Minister of Education, Hon. Desmond Bannister officially opens the UNESCO Conference on Climate Change Education on September 21 at the Wyndham Nassau Resort. (BIS Photo/Patrick Hanna).
Nassau, The Bahamas – Over 100 experts
have gathered in The Bahamas to discuss the importance of climate change
education for Small Island Developing States (SIDS). The event is being
held at the Wyndham Nassau Resort September 21 – 23. During
the opening ceremony on Wednesday, September 21, Minister of Education,
the Hon. Desmond Bannister welcomed the delegates.
“For quite some time, scientists
and environmentalists have been sounding the alarm and focusing attention
on the acute problem of global warming and the drastic shifts in weather
patterns that have coincided with this state of affairs,” said Mr.
Bannister. “Whether or not the average citizen has heeded these cries,
the occurrence of tsunamis, tornadoes, hurricanes, earthquakes and the
like have shaken us to the core by their frequency and unpredictability.
We must all by now appreciate that there have been dramatic change in
climatic patterns in recent years.”
Mr. Bannister said that while the UNESCO
(United Nations Educational Scientific and Cultural Organisation) Teacher
Education course on climate change is still being developed, he is ‘eager’
to see it implemented.
“We all recognise that teachers are
the best channels of knowledge in our world and therefore, we must equip
them with the knowledge and confidence to lead in this global mission
to educate our citizens about how their lifestyles and their unchecked
desires for comfort have made our planet vulnerable.”
Minister of State, Ministry of Environment,
Hon. Phenton O. Neymour said that while SIDS produce less than one percent
of global greenhouse gas emissions, their geographic and economic characteristics
make them highly susceptible to the effects of climate change with more
immediacy and severity than anywhere else in the world.
“Many SIDS like The Bahamas share
economic characteristics that present challenges to sustainable development,”
said Mr. Neymour. “In fact, SIDS comprise 12 of the 50 least developed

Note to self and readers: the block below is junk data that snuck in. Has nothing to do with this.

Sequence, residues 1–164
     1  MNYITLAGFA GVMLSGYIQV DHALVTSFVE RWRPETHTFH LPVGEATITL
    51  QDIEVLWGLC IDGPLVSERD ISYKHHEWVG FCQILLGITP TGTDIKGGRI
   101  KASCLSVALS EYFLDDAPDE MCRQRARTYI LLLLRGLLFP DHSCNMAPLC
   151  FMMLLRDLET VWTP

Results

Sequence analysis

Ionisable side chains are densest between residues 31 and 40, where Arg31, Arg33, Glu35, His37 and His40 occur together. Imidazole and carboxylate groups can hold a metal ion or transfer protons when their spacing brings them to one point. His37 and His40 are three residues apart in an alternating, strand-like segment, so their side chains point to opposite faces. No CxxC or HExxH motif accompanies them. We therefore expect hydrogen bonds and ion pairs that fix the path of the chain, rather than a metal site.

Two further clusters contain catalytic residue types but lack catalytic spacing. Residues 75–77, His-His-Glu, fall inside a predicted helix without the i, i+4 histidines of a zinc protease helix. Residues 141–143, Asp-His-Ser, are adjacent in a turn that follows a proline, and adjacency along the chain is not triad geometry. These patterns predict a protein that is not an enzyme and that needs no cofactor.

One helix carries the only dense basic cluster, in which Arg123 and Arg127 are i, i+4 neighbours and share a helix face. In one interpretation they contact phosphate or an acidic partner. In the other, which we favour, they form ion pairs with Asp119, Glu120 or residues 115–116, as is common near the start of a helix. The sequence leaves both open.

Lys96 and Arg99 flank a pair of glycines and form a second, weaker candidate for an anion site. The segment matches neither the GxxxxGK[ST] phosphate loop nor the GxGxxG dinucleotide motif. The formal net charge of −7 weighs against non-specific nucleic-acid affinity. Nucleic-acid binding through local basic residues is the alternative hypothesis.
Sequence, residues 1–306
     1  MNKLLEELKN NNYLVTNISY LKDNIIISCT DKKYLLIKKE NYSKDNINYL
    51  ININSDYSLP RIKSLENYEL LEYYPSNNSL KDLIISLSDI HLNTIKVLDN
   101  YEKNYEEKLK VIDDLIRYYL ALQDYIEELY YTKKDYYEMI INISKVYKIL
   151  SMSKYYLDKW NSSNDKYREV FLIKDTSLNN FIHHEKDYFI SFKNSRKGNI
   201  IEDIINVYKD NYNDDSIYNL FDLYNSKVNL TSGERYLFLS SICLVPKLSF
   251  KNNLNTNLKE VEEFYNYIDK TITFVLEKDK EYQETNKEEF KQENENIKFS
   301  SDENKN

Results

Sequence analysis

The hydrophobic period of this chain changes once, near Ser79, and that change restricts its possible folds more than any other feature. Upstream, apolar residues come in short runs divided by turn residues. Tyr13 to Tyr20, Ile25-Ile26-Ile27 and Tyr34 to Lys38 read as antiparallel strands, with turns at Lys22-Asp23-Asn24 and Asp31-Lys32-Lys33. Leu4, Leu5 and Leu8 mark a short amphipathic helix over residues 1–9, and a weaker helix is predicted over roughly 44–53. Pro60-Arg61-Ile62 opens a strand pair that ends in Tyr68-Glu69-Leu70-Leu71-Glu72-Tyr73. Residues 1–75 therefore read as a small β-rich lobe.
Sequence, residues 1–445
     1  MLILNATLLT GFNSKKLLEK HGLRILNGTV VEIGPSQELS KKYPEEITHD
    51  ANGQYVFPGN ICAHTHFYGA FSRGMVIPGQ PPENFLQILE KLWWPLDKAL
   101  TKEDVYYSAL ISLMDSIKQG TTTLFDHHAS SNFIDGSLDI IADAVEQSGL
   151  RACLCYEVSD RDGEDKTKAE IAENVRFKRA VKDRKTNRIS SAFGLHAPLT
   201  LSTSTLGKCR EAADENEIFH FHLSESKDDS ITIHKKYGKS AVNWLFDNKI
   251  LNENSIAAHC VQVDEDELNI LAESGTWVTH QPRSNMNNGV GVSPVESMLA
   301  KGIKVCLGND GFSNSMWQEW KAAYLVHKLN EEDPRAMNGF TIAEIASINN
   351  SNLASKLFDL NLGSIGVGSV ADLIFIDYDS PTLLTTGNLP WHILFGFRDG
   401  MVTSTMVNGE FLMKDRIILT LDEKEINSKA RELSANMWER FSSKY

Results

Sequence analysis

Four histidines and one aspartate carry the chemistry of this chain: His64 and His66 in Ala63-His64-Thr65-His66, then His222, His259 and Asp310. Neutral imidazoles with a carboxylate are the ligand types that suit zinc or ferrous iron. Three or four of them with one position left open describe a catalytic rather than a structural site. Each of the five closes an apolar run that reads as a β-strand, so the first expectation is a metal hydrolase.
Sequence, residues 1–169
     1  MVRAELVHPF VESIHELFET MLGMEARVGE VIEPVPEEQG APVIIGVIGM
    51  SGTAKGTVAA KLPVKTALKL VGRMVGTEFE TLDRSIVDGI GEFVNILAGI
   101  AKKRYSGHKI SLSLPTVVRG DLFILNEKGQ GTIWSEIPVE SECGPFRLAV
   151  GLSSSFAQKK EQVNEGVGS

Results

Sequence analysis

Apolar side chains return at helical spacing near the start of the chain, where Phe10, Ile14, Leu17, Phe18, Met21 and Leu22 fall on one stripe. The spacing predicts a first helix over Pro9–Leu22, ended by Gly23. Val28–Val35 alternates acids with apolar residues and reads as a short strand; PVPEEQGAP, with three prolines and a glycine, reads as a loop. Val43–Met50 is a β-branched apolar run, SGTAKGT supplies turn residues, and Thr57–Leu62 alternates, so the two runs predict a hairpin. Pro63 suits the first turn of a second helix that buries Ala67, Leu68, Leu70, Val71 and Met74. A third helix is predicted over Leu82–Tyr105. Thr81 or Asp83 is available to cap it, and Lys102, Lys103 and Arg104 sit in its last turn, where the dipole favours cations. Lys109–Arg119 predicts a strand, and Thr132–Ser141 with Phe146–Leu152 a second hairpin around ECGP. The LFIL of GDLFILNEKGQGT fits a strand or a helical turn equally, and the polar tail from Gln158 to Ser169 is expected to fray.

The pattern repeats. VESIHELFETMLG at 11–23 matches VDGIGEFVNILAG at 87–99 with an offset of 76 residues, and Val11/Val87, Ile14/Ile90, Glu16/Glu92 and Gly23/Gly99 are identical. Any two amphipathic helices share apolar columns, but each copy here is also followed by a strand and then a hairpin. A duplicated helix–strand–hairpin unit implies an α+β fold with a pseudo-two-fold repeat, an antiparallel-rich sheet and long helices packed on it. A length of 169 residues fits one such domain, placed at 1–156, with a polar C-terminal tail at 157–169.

countries designated by the United Nations. SIDS often depend almost
entirely on specific sectors such as subsistence agriculture, aquaculture,
fisheries and tourism. These industries are all susceptible to the effects
of extreme weather events and sea-level rise – all of which may increase
in frequency from climate change.
Delegates listen to a presenter during the UNESCO Climate Change Conference held at the Wyndham Nassau Resort September 21-23. (BIS Photo/Patrick Hanna).
Also bringing remarks were, Chairperson
for the National Commission, UNESCO Bahamas, Hon. Theresa Moxey-Ingraham.
President of the General Conference of UNESCO, Dr. Davidson Hepburn,
delivered opening remarks. He said that having the conference
in The Bahamas was a defining moment in his career. Other speakers included
Assistant Director-General for National Sciences, UNESCO, Ms. Gretchen
Kalonji and Chief, SIDS Unit, UNDESA, Ms. Hiroko Morita-Lou. Permanent
Secretary, Ministry of Education, Mrs. Elma Garroway served as Mistress
During the three-day conference, participants
will discuss several topics including ‘Reducing the impact of natural
disasters: education responses to disaster preparedness, coping with
disaster and reducing the risks,’ and ‘Targeting the needs of the
vulnerable: education programmes and strategies to reach and respond
to the adaptation needs of youth, women and local communities.
A public lecture on ‘Climate Change
and its implications for the Commonwealth of The Bahamas’ will be
held on the evening of Thursday, September 22 at the Performing Arts
Centre at the College of The Bahamas. Speakers will include Hon. Earl
Deveaux, Minister of The Environment, Michael Pateman, Antiquities Monuments
and Museum; Lisa Benjamin, Small Island Sustainability Programme, COB;
Arthur Rolle, Department of Meteorology and Dr. Davidson Hepburn, President,
General Conference, UNESCO. Radio personality and lawyer, Jeffrey Lloyd
will serve as moderator.
The conference ends September 23.